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Sunday, April 18, 2004

The other night I saw the Karate Kid on cable. It is hard to imagine that the movie is now 20 years old. I never saw it in the theatre actually, because the day we went I decided to go to another movie.
It was in the summer of 1984, and our family was over at a friend's house. We used to go over there all the time in those days. Our parents would do some heavy cocktailing, we'd grill some food, and inevitably they would give us kids some money to get out of the house for a couple of hours. So six of us kids would pile into the Ford Bronco and head over to the mall. At 11, I was the youngest in the group. My brother was 14, and then there were the two kids of my parents friends, who were 17 and 20. The 17 year old was a girl who had a couple of her friends along, and my brother and I were in love with them all.
When we arrived at the theatre we looked at all the movies and it was unanimously decided that we would go to The Karate Kid, but after looking at the showtimes more closely I decided it would be more fun to see Ghostbusters. When I mentioned this, everybody made fun of me. It was hard being made fun of by three teenage girls I was in love with, but I was quite determined to see Ghostbusters. They all veiwed me as a snot nosed little brat anyway, so I had nothing to lose. I went all by myself to Ghostbusters, while everyone else went to the Ralph Macchio vehicle. The thing about it was that I had already seen Ghostbusters, it was my second veiwing. My movie got out early and I had to wait for 15 minutes outside of the theatre for everyone else to come out and tell me how much of a fat nerd I was for going to a movie for a second time and missing the great movie they had just seen.
I of course eventually saw The Karate Kid on video many many times, and I love it, but the other day when I was watching it on cable I told my wife about how I blew it off in the theatre to see Ghostbusters again. She gave me a hug and assured me, "You made the right decision, honey." She's right! And after all these years I feel vindicated. I did make the right decision. Ghostbusters is way cooler than The Karate Kid.

Saturday, April 17, 2004

I have a difficult time coming up with entries--so what? I don't even get this whole blog thing in the first place. Wait a minute--web log--blog, oh yeah.
I'm very ignent in these happenings about technologies and stuff, yet I seem to be exactly what the future anthroplogists would want as a test subject to learn about our culture. No matter how hard I try to deny it I am merely a man of my times. Everything, including my manner of dress, my sense of humour, my need for beats per minute, and my fear of the apocalypse, is contained somewhere within a catalog of early 21st century historical trivia. That's what I tell myself everytime I see a comedy skit that was my idea.
I always wanted time travel to be true, so let's pretend that it does.
Remember when Justin Timberlake murdered that one chick? Oh yeah, allegedly, he murdered her. I guess we'll never know for sure since he killed himself.
That is what I want to see in the news, more murder suicides.

Sunday, April 11, 2004

My name is Frank, Frank Candor, and I tend to say whatever is on my mind regardless of the consequences, or the people I may offend. So if you get easily offended, I have these simple words for you, "Go fuck yourself, you politically correct robot of the masses, you make me sick. The fact that you would waste your time being haughty about what I say not only shows your own lack of creativity, but it actually offends me. I'm offended at your offense, and I demand reparations."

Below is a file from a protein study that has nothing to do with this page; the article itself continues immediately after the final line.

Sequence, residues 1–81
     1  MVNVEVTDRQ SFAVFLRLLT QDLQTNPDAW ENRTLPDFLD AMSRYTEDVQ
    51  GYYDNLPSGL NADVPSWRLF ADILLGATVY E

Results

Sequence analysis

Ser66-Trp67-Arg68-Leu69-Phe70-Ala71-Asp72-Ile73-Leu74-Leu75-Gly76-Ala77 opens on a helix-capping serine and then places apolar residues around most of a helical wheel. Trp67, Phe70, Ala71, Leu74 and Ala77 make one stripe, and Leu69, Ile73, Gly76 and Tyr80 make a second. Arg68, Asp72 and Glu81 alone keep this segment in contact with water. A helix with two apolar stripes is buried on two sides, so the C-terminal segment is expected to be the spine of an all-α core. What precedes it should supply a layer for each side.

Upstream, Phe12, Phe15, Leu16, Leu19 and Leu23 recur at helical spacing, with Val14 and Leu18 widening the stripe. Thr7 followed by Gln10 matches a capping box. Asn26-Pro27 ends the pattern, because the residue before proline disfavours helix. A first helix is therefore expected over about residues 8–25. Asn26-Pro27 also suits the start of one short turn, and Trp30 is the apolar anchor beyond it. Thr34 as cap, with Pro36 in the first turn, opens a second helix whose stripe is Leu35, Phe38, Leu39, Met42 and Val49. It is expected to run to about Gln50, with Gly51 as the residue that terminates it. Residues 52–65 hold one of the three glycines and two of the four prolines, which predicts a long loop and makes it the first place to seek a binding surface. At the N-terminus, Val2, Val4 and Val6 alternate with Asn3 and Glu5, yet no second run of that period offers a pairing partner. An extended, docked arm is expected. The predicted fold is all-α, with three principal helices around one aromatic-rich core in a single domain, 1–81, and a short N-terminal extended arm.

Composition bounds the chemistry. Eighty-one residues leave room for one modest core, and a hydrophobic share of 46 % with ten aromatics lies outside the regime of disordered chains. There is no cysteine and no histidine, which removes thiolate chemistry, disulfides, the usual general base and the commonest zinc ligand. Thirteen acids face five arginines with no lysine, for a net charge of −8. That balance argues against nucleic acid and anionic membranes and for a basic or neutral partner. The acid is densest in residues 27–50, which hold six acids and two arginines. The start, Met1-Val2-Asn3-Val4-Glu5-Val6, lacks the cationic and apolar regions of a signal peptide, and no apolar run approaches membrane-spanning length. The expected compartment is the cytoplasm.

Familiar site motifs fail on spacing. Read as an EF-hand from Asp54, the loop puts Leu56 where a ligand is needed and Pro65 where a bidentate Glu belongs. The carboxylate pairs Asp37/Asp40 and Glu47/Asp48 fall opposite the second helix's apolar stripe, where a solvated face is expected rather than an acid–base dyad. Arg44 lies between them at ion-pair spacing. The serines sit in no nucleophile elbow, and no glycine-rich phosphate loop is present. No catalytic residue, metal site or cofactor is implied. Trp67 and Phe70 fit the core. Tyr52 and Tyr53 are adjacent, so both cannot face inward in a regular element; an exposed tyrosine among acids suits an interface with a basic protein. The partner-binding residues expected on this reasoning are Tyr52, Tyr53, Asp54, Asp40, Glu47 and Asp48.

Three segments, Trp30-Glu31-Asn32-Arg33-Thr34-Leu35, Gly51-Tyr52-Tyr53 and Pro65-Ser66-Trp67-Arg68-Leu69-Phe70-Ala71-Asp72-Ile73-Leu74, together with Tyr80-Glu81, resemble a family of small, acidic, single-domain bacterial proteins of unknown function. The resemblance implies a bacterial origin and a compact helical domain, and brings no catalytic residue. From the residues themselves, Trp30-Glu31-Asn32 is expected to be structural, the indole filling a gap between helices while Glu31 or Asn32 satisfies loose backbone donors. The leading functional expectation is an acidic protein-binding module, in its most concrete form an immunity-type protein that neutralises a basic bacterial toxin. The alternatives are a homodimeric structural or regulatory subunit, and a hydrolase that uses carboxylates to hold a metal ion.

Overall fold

If you are not one of those people, welcome to my abode. We can have a lot of fun together. I have a good deal of soul for a white boy.
Let me tell you a little about myself. I am 31 years old, married, and I live in a city. Sometimes I drink to excess, and sometimes I go to work. I try not to work all too much. Usually I lay around watching the History Channel, or Vh1, or Comedy Central, or whatever. I like TV. I am a freak for science fiction in general, and I even write stories of my own on occasion. When I'm not lounging, I write songs, and stories, and go on bicycle rides and junk. I used to go out to the bars alot, but my misanthropic nature keeps me at home these days--besides I'm getting old, and I don't want to become that old guy loser I always used to see hanging out with all the kids at the rock shows. It's time for me to become responsible, dammit!
When I was 16 I was in a band. We played shows in our local midwest punk scene. Our band was a little different, for we tended to make softer, weepier music than our contemporaries. We were in love with Joy Division, Bauhaus, The Damned, and of course, The Cure. Ultra-fast tempo thrash just wasn't our gig, and our sensitivity and angst gave us the edge we needed to make all the 14 year old girls think we were cute. Before a gig I would have girls put on my make-up and rat my hair. It was heaven to me. It was my own private teenage spa. My dick was hard and I was happy. Later my parents had a heart attack when I showed up in my rock gear. I embarrassed them in front of their friends at a cocktail party. They thought I looked gay, and I guess that was a bad thing. Looking gay got me more female attention than anything else I ever tried. I finally had found my place in the world. I didn't have to live in the shadow of my athletic disinterest. Sports were on the way out. The new cool was to be nerdy, gay, and artistic. This was 1989, and I was on the edge of a great awakening. An incredible journey was set, and my bags were packed--and then the drugs came...

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